Pokemon Ruby & Sapphire Soul Link Playthrough with Chaos & RTK part 1: Team Building

Taking all bets on which mons actually last.
Check out RTK's channel: ch-me.org/utitle-TheGreatRTK
Pokémon Ruby Version and Pokémon Sapphire Version are role-playing video games developed by Game Freak, published by The Pokémon Company and Nintendo for the Game Boy Advance. They are the first installments in the third generation of the Pokémon video game series, also known as the "advanced generation". After years of Nintendo being the sole publisher of the franchise in all regions, The Pokémon Company began co-publishing the games for the first time since the establishment of the joint-owned company in 1998. They were first released in Japan in late 2002 and internationally in 2003. Pokémon Emerald, a special edition version, was released two years later in each region. Remakes of the two games, titled Pokémon Omega Ruby and Alpha Sapphire, were released for the Nintendo 3DS worldwide on November 21, 2014, exactly twelve years to the date of the original Ruby and Sapphire release date, with the exception of Europe, where it was released on November 28, 2014.
The gameplay is mostly unchanged from the previous games; the player controls the main character from an overhead perspective, and the controls are largely the same as those of previous games. As with previous games, the main objectives are to catch all of the Pokémon in the games and defeat the Elite Four; also like their predecessors, the games' main subplot involves the player character defeating a criminal organization that attempts to take over the region. New features, such as double battles and Pokémon abilities along with 135 new Pokémon, were added. Owing to the increased capabilities of the Game Boy Advance, four players may be connected to each other at a time instead of the previous limit of two. Additionally, the games can be connected to an e-Reader or other third generation Pokémon games.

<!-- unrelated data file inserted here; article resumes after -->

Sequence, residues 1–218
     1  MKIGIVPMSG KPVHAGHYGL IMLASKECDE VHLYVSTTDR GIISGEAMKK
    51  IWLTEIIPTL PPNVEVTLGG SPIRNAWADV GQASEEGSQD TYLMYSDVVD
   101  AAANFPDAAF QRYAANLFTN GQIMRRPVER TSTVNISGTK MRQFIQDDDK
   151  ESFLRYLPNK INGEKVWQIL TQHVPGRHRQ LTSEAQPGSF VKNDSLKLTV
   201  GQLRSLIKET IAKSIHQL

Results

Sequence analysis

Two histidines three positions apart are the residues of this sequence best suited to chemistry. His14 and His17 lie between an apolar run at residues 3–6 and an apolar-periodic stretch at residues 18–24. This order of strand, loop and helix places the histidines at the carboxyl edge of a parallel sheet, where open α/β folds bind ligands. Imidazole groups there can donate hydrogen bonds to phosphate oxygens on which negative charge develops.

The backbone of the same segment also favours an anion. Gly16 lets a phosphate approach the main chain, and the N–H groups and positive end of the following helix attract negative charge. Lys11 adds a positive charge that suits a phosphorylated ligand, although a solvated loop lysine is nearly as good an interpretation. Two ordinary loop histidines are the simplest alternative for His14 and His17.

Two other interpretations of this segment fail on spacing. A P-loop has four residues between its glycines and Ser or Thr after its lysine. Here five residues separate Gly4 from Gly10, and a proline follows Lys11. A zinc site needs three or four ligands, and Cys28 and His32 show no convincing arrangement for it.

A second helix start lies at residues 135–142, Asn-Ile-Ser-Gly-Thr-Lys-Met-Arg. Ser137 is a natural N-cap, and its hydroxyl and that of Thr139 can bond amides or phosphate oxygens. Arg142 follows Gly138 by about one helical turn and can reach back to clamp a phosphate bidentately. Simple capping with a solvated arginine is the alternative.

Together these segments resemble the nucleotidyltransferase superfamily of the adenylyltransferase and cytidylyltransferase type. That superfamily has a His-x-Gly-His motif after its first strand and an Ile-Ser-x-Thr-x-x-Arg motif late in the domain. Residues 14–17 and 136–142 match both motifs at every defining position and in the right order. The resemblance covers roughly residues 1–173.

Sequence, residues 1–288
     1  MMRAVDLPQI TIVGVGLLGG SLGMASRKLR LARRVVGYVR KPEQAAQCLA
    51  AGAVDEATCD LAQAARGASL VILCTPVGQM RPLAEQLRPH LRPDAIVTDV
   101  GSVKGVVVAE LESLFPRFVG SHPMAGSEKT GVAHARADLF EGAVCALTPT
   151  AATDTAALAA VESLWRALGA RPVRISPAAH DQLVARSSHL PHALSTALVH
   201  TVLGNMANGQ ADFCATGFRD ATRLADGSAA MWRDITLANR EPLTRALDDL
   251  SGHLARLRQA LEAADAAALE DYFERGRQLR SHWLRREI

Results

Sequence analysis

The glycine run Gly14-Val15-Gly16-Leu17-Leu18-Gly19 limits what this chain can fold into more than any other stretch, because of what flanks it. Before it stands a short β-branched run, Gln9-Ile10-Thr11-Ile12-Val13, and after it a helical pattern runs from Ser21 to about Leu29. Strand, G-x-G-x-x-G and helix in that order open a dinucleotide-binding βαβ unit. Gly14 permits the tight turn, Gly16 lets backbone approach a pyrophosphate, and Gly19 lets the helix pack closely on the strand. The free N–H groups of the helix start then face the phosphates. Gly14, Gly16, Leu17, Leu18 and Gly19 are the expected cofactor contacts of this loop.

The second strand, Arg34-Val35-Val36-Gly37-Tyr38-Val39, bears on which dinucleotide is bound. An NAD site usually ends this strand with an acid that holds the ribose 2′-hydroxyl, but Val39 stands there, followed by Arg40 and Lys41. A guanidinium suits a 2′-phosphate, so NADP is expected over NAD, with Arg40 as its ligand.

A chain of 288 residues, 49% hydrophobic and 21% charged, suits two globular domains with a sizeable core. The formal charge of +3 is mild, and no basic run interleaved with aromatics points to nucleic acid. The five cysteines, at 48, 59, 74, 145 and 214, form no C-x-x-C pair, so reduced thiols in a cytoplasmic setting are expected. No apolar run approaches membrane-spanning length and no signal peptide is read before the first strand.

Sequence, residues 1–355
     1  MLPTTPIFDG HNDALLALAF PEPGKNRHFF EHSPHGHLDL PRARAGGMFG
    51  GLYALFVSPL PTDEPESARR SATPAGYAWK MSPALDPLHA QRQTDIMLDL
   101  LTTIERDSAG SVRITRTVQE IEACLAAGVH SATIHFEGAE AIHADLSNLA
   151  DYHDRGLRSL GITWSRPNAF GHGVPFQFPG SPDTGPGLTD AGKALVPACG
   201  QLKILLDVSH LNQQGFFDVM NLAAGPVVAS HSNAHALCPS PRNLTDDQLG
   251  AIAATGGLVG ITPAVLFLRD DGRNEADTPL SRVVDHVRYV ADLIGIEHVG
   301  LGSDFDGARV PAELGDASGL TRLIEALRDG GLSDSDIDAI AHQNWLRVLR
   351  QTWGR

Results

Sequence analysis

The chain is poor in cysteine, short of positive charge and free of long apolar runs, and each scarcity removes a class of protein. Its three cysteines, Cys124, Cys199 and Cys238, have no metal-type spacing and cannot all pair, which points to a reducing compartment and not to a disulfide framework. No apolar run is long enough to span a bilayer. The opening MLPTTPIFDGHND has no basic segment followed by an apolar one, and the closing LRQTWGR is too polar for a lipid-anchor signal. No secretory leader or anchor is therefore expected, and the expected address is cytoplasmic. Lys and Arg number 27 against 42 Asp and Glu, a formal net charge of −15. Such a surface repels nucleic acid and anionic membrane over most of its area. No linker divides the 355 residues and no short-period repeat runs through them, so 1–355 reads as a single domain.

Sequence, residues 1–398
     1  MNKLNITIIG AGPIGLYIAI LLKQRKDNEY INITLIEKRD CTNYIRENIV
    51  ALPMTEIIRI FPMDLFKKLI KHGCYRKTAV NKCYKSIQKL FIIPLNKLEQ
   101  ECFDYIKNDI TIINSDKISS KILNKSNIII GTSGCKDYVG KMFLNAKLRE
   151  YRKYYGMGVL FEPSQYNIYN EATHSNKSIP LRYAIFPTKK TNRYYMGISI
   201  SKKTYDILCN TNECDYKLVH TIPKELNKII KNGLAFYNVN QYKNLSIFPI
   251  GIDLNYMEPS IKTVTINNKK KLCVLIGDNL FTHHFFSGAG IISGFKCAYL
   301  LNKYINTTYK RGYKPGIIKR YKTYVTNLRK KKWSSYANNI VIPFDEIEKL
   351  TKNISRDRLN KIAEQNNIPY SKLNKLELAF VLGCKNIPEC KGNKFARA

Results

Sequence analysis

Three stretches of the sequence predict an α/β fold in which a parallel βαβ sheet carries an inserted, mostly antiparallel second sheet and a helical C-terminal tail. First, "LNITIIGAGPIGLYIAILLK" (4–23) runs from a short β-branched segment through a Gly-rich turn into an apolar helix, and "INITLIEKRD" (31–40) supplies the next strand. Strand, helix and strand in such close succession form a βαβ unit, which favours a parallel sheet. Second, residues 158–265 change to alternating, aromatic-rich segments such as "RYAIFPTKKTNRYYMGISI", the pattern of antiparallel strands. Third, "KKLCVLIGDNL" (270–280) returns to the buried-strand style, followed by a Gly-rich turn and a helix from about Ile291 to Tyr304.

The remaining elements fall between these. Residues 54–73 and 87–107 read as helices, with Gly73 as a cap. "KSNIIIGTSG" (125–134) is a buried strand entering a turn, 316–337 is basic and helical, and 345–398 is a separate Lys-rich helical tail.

Ruby and Sapphire received mostly positive reviews, though critics were divided in their assessment of the games, especially on the gameplay and graphics. Most of the complaints focused on the fact that the gameplay had not changed much since previous generations, and the connectivity issues revolving around the past generations. With the popularity of Pokémon waning at the time, the games sold less than previous generations. However, they were still critical and commercial successes; with around 16.22 million copies sold according to IGN, they are the best-selling games for the Game Boy Advance.